Home Travel Beyond the Val de Bagnes to the Bernese Oberland

Beyond the Val de Bagnes to the Bernese Oberland

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Text: Wayne Pope Photos: Mark Shapiro

As the snow melts, skis are put away for another year and walking boots are dusted off ready for the summer months ahead. The beauty and variety of our own region can make it hard to step beyond its boundaries. But from time to time we are reminded that this region is one of many in this fair country and this is just what Wayne Hill and his loyal band of Verbier walkers discovered last autumn. They share their adventures here, just in case you should ever feel the urge to journey further.

I made the decision to tour the Bernese Oberland because it was a part of Switzerland I had never visited and I had heard it was stunning. I was led to believe that this would be a walk in the park compared to previous trips (the Haute Route and the Tour du Mont Blanc). Wrong! Stunning, absolutely. Walk in the park, absolutely not. It took some time to come up with an itinerary as there are numerous trails along the way but no definitive route. After some deliberation, I put together a nine-day trip.

Once again kitted out in gear from Outdoor Research, Scarpa and Black Diamond, one damp morning early in September, Kevin, Conchi, Marko and I made our way from Martigny Station to Les Diablerets, our starting point. In hindsight, this was an error, we didn’t hit a proper trail until Gsteig (a better starting point, if you ever do this tour) to the Krinnen Pass with its magnificent view of the Lauenensee. Unfortunately, no time to linger at the lake as, to finish our nine-hour day, we had a major climb to the Geltenhütte. The impressive hike up followed a mountain river below and behind numerous waterfalls. We arrived just as dinner was being served. Perfect!.

After a good night’s sleep, we continued along the opposite side of the valley. A little rugged at first, with some narrow footpaths with steep drops aided by fixed ropes and ladders to Chuetungel, then rolling green hills, before a steep climb again aided by fixed ropes to the Wildhorn Hut. After lunch we descended a path of scree to another picturesque lake (Iffigsee). We spent the night in the showerless dormitories of the Berghaus Iffigenalp barn..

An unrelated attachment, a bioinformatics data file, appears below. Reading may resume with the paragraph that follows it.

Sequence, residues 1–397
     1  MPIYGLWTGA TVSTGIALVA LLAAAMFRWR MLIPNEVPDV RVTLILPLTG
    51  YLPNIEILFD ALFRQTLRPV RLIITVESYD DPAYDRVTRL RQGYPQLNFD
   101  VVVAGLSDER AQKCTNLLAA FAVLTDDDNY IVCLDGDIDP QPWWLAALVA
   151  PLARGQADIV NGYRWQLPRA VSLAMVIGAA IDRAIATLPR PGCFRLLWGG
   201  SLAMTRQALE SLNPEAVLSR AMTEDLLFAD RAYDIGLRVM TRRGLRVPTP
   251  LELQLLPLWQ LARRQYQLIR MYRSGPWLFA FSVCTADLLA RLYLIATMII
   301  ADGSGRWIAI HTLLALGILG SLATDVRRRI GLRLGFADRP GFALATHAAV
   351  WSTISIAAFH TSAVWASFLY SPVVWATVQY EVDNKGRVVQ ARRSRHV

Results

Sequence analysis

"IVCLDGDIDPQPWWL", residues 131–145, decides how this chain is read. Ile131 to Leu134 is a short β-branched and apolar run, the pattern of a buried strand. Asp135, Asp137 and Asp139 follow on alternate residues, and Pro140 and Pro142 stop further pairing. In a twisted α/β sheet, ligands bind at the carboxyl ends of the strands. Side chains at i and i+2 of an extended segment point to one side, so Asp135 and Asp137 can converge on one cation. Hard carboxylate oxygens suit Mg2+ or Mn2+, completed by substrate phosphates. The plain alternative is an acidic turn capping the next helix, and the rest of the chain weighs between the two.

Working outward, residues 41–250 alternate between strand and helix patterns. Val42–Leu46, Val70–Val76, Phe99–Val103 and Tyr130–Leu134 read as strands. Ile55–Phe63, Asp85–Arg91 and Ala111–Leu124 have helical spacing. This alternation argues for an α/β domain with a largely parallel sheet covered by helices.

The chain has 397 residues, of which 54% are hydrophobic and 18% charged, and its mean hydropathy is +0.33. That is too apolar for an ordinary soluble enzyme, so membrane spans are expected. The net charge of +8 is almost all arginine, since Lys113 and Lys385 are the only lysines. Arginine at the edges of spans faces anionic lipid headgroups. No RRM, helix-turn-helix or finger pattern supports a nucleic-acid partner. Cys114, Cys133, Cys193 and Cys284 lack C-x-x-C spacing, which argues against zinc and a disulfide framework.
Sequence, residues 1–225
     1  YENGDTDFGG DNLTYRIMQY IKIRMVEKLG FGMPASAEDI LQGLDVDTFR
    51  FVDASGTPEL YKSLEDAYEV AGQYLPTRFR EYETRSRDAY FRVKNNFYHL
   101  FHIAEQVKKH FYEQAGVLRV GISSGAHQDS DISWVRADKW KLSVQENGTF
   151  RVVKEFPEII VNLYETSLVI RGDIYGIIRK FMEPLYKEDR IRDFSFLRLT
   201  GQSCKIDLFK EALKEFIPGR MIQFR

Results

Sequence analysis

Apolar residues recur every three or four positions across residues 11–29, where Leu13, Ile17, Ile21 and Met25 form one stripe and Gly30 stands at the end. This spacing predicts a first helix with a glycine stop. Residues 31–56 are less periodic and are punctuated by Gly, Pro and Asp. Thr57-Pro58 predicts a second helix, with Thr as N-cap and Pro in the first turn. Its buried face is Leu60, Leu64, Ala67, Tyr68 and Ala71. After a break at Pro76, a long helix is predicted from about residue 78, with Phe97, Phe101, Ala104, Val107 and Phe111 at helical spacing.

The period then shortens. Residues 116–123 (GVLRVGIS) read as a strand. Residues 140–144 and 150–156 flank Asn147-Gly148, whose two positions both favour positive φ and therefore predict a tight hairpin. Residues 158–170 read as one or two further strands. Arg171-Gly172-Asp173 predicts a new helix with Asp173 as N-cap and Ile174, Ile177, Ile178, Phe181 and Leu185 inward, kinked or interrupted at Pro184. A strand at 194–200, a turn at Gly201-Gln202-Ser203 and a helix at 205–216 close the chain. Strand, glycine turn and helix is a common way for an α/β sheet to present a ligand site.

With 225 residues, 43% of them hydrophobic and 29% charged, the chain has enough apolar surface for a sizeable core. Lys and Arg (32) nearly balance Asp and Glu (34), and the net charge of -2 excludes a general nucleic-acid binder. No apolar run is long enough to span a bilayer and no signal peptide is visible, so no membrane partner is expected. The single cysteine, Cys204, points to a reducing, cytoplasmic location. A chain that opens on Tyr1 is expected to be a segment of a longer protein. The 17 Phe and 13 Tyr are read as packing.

The following morning took us through rolling pastureland, woodland with fast-flowing rivers and waterfalls above. We then ascended through green meadows, but as we got higher the terrain became more rugged and the last 300m before we reached the Ammerten Pass was very steep and just a little bit scary. It was quite a relief to reach the windy pass, but our fear was soon forgotten as we walked down to the plateau of Engstligenalp, below the Wildstrubel, so green and maintained it looks like a golf course! Here we were well fed at the comfortable Berghaus Bartschi.

The next day was all about the Gemmi Pass. We crossed the Chindbetti Pass and the glacial remains of Rote Chumme and walked beside the steely grey waters of the Daubensee. The Gemmi Pass was once a major route for traders between Valais and Bern. Nowadays a cable car links Leukerbad to the pass, but in days long gone, traders would walk goods-laden donkeys over the pass. Once you have built up the courage to look over the edge, you see that this was not an easy feat as the route is almost vertical! There are also clear views of the distant peaks of the Matterhorn, Dent Blanche and Monte Rosa. Descending the pass the way we had come, but taking the opposite side of the lake, we arrived at the Berghotel Schwarenbach. Although obviously and recently renovated, this is one of Switzerland’s oldest hotels, dating back to 1742 and it’s not hard to imagine Valaisan traders stopping there for a rest after their slog up the Gemmi Pass and of course several glasses of wine!.